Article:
“He’s such an external processor. His presence on social media is basically every tiny detail of his life. It’s extremely annoying.”
I overheard this statement recently, and it stuck with me. It got me wondering whether I am an external processor or an internal processor?
We all process information differently. Some people need to talk it out or in today’s world of social media, post about it instantly to get those they share a cyber space with to comment with their take on the incident. This type of person craves this interaction in order to process their situation, whether it’s something negative that happened at work, a recent medical diagnosis, their child’s tempter tantrum in the toy aisle at Target, or the graphic cut on their finger from chopping onions. Their status is a means of reaching out and asking others to help them process what has them feeling out of sorts. External processing at its finest.
My first inclination is that I am a writer, therefore, I must be an external processor. I pour my emotions into words, then share them with the world. Everything I write, I write with my heart. Even when writing fiction, there is quite a bit of “me” in it, whether it shows through in a character or a situation. At times, writing has been therapeutic. I have written through highs and lows, losses and successes, death and celebration. However, did I quitely process the situation or information prior to putting it into words, making me an internal processor? Or, did I process it as I wrote, simultaneously putting it out there in hopes of some level of feedback? If so, does that mean I’m an external processor?
Cognitive psychology compares the human mind to a computer, suggesting that we too are information processors.
“Behaviourists rejected the idea of studying the mind because internal mental processes cannot be observed and objectively measured. However, cognitive psychologists regard it as essential to look at the mental processes of an organism and how these influence behaviour. Instead of the simple stimulus-response links proposed by behaviourism, the mediational processes of the organism are important to understand. Without this understanding, psychologists cannot have a complete understanding of behaviour.” – Simply Psychology
Rebecca Hirsch, AMFT confirms that how we process information affects us on many levels including relationships. According to her article on Symmetry Counseling, she has found a common communication dynamic she sees as a couples therapist is two individuals who process information and communicate differently. This leads to a cycle of unhealthy communication between and external processor and internal processor.
My family recently relocated to another state, and I have found myself shying away from social media and writing in general. I haven’t shared much about our move or our new home. For the first time ever, I haven’t posted photos of my children on their first day of school. I think I have been processing the highs and lows of the emotional rollercoaster I have been on for months now. Ironically, I haven’t been inclined to work through it in my writing as I have during other trying times. You might ask yourself, isn’t that what I’m doing as I type these very words? I’ve spent days, weeks, and even months withdrawing as I process this tremendous change in our life. I needed that time in order to get to this point, where I can share what I’ve processed.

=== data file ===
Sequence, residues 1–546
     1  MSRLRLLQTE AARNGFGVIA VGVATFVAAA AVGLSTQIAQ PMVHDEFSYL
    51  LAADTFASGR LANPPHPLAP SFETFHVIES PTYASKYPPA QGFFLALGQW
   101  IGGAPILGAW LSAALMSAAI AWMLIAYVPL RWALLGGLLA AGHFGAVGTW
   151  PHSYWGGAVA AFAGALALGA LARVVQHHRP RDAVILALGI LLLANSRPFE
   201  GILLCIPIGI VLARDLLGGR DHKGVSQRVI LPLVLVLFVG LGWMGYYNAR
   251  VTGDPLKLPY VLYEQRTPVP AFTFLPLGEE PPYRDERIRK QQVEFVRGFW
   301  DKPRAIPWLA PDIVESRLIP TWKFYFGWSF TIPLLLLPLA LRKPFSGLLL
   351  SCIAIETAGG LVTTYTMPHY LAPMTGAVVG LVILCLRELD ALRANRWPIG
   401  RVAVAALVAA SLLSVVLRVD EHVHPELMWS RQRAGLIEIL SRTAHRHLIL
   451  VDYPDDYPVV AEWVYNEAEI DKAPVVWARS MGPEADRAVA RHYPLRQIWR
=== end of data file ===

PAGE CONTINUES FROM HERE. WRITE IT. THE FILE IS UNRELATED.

We all have the Facebook friend who over-shares, the relative who posts photos of their every meal, or the co-worker who bombards your news feed with every interaction that takes place throughout their day. We also have the Facebook friend who doesn’t post a single thing, but follows your every move. Designations such as over-sharers, voyeurs, external processors, and internal processors aren’t necessarily one size fits all. Yet, there are definitely those of us who lean toward one more than another.
— littlemisswordy (@LittleMizWordy) September 4, 2018
If I had to choose a designation for myself based on the external vs internal processing theory, I would say I’ve come to the conclusion I am an internal processor. I base this on the fact that I tend to retreat rather than reach out when I’m in a pickle. I don’t pick up the phone to seek feedback. I don’t post my situation on social media. Basically, I don’t put my feelings into words until they are fully marinated. Truth be told, I’m not entirely sure if this is a positive thing or if the external processors are onto something.
What do you think? Do you see yourself as an internal processor or an external processor? Do you tend to retreat or reach out in order to process?